Flood Victims Finding `So Much Has Been Lost'

Rising Red River Robs Residents Of N.d. City

April 22, 1997|By NEW YORK TIMES NEWS SERVICE

GRAND FORKS, N.D. -- Sitting in the emergency shelter, knowing that everything back home might be lost to the Red River flood, Deb Storey looked at her hand, gasped and began to cry.

She had forgotten to wear the wedding ring her mother had left to her.

"So much has been lost," said Ms. Storey, 40, a bank employee, "and we don't know where it's going to end."

The Red River crested at about 54 feet yesterday, nearly twice the flood stage. Officials said that it will be at least three weeks before residents can return. And when they do, many of the city's 50,000 people will face crushing losses. As much as 90 percent of the city was inundated.

"I saw our house on the TV," said Millie Anderson, who runs a day care center. She has been staying with her family in a camper 10 miles outside of town. "The water was up to the deck" on the second floor.

In some cases, all that could be seen of houses were the shingles at roof peaks. Water had risen to levels of 15 feet and more.

President Clinton announced plans yesterday to visit the ravaged area today. Virtually all business and ordinary affairs have come to a halt.

Despite mandatory evacuation orders in Grand Forks and in East Grand Forks, across the river in Minnesota, a small number of residents were said to be staying behind.

Yesterday, rescue workers removed a blind man from his home, where water was crashing through the front door. They also picked up a 96-year-old woman, who was apparently unaware of the dangers.

Officials said yesterday that it would be impossible to precisely measure the damage until the waters recede substantially, which could take weeks.

Power has been cut off in most of the city to lessen the chances of fire. Three houses were burned overnight. Over the weekend, flames destroyed at least six buildings downtown and seriously damaged at least 11 others. Crews began tearing down some of the remaining hulks yesterday.

The floodwaters also shut down the water treatment plant, leaving no water service for the estimated 5,000 residents who remained.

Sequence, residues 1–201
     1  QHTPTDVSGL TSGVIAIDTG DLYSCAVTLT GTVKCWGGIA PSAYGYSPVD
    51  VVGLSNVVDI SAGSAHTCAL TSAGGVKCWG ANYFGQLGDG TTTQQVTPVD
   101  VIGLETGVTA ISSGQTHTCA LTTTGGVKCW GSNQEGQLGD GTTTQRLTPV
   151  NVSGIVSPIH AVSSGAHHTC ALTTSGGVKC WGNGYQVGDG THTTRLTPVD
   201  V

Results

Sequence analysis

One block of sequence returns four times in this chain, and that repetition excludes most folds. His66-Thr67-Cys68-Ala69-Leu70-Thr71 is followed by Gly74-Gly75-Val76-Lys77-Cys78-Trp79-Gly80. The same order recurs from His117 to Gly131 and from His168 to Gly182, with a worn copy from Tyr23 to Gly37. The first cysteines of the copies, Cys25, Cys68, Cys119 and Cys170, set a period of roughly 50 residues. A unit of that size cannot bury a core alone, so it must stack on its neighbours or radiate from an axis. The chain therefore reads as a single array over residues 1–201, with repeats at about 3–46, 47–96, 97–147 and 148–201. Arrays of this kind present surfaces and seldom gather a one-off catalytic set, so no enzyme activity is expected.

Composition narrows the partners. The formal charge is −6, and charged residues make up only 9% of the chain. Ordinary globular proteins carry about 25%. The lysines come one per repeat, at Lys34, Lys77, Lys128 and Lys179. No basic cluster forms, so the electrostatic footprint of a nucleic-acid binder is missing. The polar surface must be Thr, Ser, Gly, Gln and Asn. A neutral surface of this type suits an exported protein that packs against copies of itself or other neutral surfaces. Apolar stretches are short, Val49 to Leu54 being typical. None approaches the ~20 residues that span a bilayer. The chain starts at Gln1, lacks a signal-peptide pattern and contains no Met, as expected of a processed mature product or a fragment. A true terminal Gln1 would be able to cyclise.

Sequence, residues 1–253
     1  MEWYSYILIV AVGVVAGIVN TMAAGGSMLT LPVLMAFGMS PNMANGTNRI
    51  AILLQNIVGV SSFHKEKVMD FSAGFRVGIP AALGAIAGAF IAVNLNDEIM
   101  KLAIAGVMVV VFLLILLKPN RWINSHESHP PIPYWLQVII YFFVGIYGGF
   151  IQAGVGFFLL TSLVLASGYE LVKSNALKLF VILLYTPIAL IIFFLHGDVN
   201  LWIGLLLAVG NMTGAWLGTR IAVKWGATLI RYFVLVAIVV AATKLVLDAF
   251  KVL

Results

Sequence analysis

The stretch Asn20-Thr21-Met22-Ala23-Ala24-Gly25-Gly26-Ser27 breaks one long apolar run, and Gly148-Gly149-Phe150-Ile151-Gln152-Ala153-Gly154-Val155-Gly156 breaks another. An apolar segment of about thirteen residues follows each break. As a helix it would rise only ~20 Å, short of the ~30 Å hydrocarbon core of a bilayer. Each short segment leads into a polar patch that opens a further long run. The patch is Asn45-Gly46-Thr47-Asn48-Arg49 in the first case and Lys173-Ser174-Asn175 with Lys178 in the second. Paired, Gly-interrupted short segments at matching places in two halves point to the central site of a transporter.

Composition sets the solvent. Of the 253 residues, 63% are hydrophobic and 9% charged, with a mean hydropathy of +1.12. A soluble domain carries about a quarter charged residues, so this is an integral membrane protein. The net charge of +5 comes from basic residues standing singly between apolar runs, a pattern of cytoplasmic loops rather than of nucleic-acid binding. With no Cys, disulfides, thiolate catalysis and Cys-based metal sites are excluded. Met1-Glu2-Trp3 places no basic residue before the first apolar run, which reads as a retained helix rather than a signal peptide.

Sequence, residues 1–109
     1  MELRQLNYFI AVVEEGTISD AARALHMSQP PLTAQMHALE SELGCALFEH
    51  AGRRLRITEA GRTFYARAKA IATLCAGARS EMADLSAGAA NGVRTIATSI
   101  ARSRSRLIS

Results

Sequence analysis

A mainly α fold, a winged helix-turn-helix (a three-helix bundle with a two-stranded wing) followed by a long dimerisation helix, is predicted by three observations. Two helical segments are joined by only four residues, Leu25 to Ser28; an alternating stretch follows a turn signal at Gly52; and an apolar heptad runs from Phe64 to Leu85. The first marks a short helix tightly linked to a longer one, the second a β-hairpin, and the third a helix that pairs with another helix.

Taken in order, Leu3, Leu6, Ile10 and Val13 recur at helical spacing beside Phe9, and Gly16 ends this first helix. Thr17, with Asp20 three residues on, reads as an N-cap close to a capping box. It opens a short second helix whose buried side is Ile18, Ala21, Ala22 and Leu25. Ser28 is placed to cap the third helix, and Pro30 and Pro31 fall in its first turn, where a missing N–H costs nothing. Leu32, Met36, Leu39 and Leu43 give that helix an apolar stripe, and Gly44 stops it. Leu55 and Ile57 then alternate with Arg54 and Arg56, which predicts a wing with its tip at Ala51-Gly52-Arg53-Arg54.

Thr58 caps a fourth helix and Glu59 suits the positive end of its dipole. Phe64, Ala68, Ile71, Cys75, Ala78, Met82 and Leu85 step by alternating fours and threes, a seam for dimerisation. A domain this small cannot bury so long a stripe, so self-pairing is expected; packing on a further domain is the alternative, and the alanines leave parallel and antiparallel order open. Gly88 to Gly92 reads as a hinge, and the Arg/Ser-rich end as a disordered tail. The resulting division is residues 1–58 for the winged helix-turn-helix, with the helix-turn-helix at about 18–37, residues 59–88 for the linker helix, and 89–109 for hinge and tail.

"The toilet part is the worst," said Richard George. "We just flush it with melted snow. We were melting snow on the barbecue grill."

The city also supplied most of the water for Grand Forks Air Force Base, where more than 2,000 of the city's refugees were staying.

The base still had a reserve of clean water, was pumping some water from a nearby small town and planned to bring in 20 large tanker trucks, said a spokesman, Capt. Byron Spencer.

In this rugged stretch of the Northern Plains, which contains some of America's last frontier land, settled by pioneers in the 1880s, people are accustomed to nasty weather, but nothing like this.

During the winter, record snowfall accumulated, keeping children out of school for several weeks. Then came the rising floodwaters, which Dakotans and their neighbors in Minnesota had been battling to contain for weeks, building a towering wall of sandbags. The water started seeping through the dikes Friday, and before long, sirens were blaring, warning people to flee for higher ground.

The flood from the melting of the winter's snowpack was flowing slowly toward the U.S.-Canada border yesterday, where the U.S. Customs Service said its North Dakota border crossings at Pembina and Neche would be closed during the night. Pembina, on Interstate 29, is right along the river. Some Neche roads are flooded.

Several emergency shelters have been opened, including the largest, at a hangar at the Grand Forks Air Force Base, where there were diapers, cribs and telephone banks that people could use to call anywhere without charge.

A message board listed the phone numbers and addresses of people in other towns, some as far away as Canada, who offered to welcome refugees into their homes. And there were messages like one reading, "Tom Anderson -- call your mother."

"We've got room for a family of 6, 10, whatever," said a Minnesota farmer who had called a local radio station. "Smokers, pets, it doesn't matter. And we've got horses, if they feel like saddling up and riding. Call collect. I'll come and get them."

People shared stories, and patted one another on the back. Hurbert Garceau Jr., a retired milkman, took a call the other day from his son, also named Hurbert, who works in construction.

"He was just crying and crying, saying `Dad -- the house is gone,' " said the elder Garceau, fighting back tears. "He's 45, but it's like he's 6 years old again, and he's hurting. But there's nothing you can do."

Almost everyone in the Red River Valley says they are grateful that nobody has died. And they say furniture can be replaced and houses can be rebuilt.

How to help

Salvation Army: Accepting donations by credit card at 1-800-SAL-ARMY (1-800-725-2769) and giving information on how to donate supplies. Checks marked "Flood Relief" can be sent to 2300 Freeway Blvd., Minneapolis, Minn. 55430, or any local Salvation Army office.

Red Cross: Accepting credit card donations at 1-800-HELP-NOW (1-800-435-7669). Checks made out to the "American Red Cross Disaster Relief Fund" may be sent to P.O. Box. 28326, Oakdale, Minn., 55128-0326, or any local Red Cross chapter.

The Minnesota State Emergency Operations Center was compiling a volunteer reserve list at (612) 297-1304.

Pub Date: 4/22/97

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